Indium may be rare but it’s pretty useful for modern technology, image by Jurii for Wikimedia
Indium’s name, pronounced in-dee-uh-m, originates from the colour indigo which is in its atomic spectrum, and coincidentally this is the colour of the flames when it’s burnt. When it’s bent it emits a high-pitched noise.
Its main use is to form transparent electrodes in liquid crystal displays and touch screens – so it’s pretty important for smart phones and ipads!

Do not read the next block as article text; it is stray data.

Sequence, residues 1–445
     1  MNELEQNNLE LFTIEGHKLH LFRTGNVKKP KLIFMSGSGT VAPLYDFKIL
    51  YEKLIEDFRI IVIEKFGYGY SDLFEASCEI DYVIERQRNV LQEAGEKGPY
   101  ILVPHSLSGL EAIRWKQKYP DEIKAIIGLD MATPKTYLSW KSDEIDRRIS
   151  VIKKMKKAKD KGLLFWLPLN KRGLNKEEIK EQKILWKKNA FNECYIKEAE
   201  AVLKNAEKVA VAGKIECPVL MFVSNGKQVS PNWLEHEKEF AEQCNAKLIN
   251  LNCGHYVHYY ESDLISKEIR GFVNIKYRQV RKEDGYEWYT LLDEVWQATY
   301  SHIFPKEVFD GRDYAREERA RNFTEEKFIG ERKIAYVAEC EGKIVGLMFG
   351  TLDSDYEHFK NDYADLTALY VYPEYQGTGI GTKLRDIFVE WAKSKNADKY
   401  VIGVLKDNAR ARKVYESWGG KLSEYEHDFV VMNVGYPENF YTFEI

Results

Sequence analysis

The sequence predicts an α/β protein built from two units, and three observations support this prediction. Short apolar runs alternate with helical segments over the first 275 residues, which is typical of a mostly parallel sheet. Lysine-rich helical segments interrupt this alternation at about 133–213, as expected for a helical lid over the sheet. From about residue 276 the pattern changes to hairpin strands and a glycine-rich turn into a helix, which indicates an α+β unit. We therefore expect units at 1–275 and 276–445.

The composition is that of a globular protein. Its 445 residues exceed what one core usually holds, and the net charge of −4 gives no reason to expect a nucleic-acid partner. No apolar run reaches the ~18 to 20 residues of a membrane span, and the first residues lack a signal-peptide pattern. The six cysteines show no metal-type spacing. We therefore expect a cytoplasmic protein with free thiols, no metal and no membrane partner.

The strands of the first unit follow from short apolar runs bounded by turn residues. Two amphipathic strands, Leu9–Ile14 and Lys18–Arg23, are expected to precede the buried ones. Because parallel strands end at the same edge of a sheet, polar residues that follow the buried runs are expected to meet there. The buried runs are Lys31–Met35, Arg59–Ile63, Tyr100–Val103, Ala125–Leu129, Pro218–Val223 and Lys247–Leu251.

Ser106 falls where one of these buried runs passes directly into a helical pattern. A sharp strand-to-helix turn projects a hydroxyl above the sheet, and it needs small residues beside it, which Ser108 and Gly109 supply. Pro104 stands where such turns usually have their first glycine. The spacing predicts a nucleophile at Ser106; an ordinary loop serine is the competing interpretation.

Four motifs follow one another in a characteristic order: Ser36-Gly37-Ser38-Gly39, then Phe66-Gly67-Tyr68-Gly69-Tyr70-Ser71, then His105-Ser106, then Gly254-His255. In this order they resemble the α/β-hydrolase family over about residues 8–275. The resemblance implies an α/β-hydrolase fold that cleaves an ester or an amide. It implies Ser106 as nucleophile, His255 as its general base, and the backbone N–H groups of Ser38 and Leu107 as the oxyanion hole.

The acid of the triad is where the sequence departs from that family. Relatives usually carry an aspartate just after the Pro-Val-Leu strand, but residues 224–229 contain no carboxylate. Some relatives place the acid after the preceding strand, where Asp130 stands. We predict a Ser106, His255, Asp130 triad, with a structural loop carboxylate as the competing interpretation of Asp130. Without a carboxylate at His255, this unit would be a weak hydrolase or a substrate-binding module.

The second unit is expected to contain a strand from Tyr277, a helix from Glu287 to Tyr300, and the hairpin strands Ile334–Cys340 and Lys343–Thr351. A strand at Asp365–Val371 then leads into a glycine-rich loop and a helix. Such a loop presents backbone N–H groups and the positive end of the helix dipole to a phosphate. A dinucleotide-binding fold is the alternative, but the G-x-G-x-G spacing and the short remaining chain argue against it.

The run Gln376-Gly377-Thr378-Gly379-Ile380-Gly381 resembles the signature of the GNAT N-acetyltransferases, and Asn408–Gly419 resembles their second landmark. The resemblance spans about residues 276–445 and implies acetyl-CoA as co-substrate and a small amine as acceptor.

Indium can ‘wet glass’ which just means that it can cling on to glass – not many metals can do this. And another interesting fact is the most common type (isotope) of indium is highly radioactive, so we can really only make use of the stable form.
Indium is pretty rare and was first discovered in Germany in 1863. China and Canada are currently the leading producers of it. Luckily it’s not thought to be toxic.